The person sits in the booth, which contains special protective glass and is closed. The lights are turned on, and the person sits in the light for 15 to 20 minutes.

A doctor may recommend 2 or 3 sessions a week.

UV phototherapy can help improve symptoms of eczema but does not cure the disease. It helps if the person avoids sunlight exposure.

The light from UV therapy may worsen a person’s sunburn or tan.

UV therapy is not a common treatment for atopic dermatitis (eczema). It may only be used if other treatments do not work.

There is no cure for atopic dermatitis (eczema). Treatment aims to relieve symptoms such as skin redness, rashes, and itching.

The goal is to stop the dry, scaly appearance so the skin appears normal and stays flexible.

Most cases clear up by age five, but the condition may continue into adulthood. About half of adults have some degree of eczema.

The most common treatment for atopic dermatitis (eczema) in children is a type of topical corticosteroid cream, lotion, or ointment. These treatments are called topical corticosteroids.

These products are the most effective treatment for atopic dermatitis (eczema). They work by reducing swelling, redness, and irritation of the skin.

The active ingredient in most corticosteroid creams, lotions, or ointments is called betamethasone dipropionate. The most common strength of this medication used on eczema is 0.05% and is found in brand-name products such as Diprolene, Diprosone, and Luxiqa among others.

Some other types of corticosteroids are also used to treat atopic dermatitis (eczema). These include clobetasol (brand name Claversal) and fluocinonide (Lidex).

Another type of topical treatment includes tacrolimus (Protopic) 0.03% ointment, which is a type of immunosuppressant.

This means it reduces the body’s inflammatory response. However, Protopic is not a corticosteroid and it can be used in children under two years of age.

Other topical treatments include calcineurin inhibitors such as pimecrolimus (brand name:Elidel) and tacrolimus (FK506). These may be applied once or twice daily.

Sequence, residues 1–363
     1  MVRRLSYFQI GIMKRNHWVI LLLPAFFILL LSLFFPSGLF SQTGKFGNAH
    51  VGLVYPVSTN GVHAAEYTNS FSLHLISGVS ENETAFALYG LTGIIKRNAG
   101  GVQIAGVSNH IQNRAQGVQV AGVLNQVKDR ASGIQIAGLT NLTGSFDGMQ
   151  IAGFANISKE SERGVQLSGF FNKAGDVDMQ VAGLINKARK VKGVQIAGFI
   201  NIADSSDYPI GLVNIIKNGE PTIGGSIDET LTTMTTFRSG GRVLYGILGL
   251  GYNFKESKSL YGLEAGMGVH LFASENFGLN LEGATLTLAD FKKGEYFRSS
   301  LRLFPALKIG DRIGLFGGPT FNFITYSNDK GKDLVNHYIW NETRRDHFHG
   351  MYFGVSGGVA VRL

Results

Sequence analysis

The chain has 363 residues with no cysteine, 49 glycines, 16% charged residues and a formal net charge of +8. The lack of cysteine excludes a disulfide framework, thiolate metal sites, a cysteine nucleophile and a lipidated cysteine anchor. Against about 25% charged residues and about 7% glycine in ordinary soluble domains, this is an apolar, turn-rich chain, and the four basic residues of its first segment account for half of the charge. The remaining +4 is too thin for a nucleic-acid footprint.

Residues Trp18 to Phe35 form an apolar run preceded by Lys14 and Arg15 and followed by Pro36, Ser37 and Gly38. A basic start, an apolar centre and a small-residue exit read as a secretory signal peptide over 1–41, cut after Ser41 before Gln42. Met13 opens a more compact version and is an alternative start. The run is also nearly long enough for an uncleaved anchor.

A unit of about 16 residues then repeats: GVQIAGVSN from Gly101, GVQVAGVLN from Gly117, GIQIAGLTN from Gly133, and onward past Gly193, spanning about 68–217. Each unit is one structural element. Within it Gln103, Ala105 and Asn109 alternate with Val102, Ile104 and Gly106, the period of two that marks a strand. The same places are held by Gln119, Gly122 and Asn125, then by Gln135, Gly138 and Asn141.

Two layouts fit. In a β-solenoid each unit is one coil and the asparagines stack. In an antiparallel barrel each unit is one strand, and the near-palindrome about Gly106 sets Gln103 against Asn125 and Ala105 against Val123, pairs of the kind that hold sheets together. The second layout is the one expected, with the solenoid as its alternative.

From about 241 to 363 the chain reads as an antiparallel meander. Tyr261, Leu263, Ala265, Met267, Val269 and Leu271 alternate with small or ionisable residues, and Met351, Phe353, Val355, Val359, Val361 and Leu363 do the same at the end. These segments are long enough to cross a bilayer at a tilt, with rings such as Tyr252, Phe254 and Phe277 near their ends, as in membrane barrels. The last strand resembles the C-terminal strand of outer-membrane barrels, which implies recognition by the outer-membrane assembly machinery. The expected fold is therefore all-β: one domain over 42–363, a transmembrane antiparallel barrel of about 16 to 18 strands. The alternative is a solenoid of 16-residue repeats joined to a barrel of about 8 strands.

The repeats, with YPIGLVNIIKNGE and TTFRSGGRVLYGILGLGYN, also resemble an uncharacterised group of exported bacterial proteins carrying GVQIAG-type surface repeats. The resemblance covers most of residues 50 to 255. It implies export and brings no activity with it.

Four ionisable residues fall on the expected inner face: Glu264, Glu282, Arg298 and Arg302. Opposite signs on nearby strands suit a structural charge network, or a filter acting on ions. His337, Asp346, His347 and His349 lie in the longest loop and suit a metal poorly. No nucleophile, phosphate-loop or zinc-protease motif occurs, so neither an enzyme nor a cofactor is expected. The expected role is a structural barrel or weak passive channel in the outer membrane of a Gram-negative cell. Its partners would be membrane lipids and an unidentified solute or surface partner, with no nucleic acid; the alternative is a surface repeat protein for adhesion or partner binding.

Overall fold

Whereas the corticosteroids work quickly, these take up to 3 weeks to take effect. They also tend to be less effective. While these can be used alone, they are often prescribed in combination with topical corticosteroids.

If these treatments do not provide sufficient relief of symptoms, stronger topical corticosteroids may be prescribed. A stronger type of corticosteroid called a topical calcineurin inhibitor may also be prescribed.

If the above treatments are ineffective, your doctor may prescribe a short course (2 to 3 weeks) of prescription-strength steroid pills such as prednisone.

Other medications may be applied to the skin in the form of a lotion or an ointment. These include:

Immunomodulators. These medications change the way the immune system responds to allergies.

They include pimecrolimus (Elidel) and tacrolimus (Prograf). These are topical versions of the medicines tacrolimus and pimecrolimus. They can be used to treat children aged two years and older. Pimecrolimus may work as well as tacrolimus.

Other topical medications that have been used to treat atopic dermatitis (eczema) are a medicine called diphenylcyclopropenone (DPCP) and bath oils with a high concentration of omega-3 fatty acids.

Sunscreens: Children with atopic dermatitis (eczema) should use a sunscreen with a high sun protection factor when going outside.

Other treatments for atopic dermatitis (eczema) include:

Keep the skin moist. This can be done by bathing in water that’s as warm as can be tolerated and then applying water-based moisturizers while the skin is still damp.

Oatmeal baths may also help. Do not use soap on the affected areas.

Therapeutic diets. A diet that eliminates certain foods containing additives, preservatives, or other potential allergens may help some children.